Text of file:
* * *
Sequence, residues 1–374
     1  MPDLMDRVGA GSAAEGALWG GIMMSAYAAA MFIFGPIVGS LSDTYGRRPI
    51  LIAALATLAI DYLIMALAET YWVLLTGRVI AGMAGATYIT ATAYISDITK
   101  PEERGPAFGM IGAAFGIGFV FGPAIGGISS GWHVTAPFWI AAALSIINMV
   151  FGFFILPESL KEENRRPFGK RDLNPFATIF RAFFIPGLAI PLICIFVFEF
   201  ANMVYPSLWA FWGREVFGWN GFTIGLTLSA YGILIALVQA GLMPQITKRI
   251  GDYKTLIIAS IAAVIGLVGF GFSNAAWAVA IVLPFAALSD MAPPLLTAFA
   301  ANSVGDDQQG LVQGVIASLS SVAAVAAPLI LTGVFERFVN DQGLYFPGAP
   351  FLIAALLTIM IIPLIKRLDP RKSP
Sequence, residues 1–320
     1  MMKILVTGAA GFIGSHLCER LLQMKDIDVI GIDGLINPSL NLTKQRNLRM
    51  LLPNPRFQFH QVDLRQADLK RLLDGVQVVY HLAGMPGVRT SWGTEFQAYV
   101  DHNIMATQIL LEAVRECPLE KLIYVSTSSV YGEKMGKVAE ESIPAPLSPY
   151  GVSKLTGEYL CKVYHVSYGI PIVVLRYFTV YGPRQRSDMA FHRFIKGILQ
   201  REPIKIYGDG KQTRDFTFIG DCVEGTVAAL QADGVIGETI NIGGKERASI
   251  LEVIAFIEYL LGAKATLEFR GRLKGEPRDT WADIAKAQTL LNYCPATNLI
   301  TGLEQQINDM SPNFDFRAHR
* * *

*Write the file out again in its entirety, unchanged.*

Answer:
Sequence, residues 1–374
     1  MPDLMDRVGA GSAAEGALWG GIMMSAYAAA MFIFGPIVGS LSDTYGRRPI
    51  LIAALATLAI DYLIMALAET YWVLLTGRVI AGMAGATYIT ATAYISDITK
   101  PEERGPAFGM IGAAFGIGFV FGPAIGGISS GWHVTAPFWI AAALSIINMV
   151  FGFFILPESL KEENRRPFGK RDLNPFATIF RAFFIPGLAI PLICIFVFEF
   201  ANMVYPSLWA FWGREVFGWN GFTIGLTLSA YGILIALVQA GLMPQITKRI
   251  GDYKTLIIAS IAAVIGLVGF GFSNAAWAVA IVLPFAALSD MAPPLLTAFA
   301  ANSVGDDQQG LVQGVIASLS SVAAVAAPLI LTGVFERFVN DQGLYFPGAP
   351  FLIAALLTIM IIPLIKRLDP RKSP
Sequence, residues 1–320
     1  MMKILVTGAA GFIGSHLCER LLQMKDIDVI GIDGLINPSL NLTKQRNLRM
    51  LLPNPRFQFH QVDLRQADLK RLLDGVQVVY HLAGMPGVRT SWGTEFQAYV
   101  DHNIMATQIL LEAVRECPLE KLIYVSTSSV YGEKMGKVAE ESIPAPLSPY
   151  GVSKLTGEYL CKVYHVSYGI PIVVLRYFTV YGPRQRSDMA FHRFIKGILQ
   201  REPIKIYGDG KQTRDFTFIG DCVEGTVAAL QADGVIGETI NIGGKERASI
   251  LEVIAFIEYL LGAKATLEFR GRLKGEPRDT WADIAKAQTL LNYCPATNLI
   301  TGLEQQINDM SPNFDFRAHR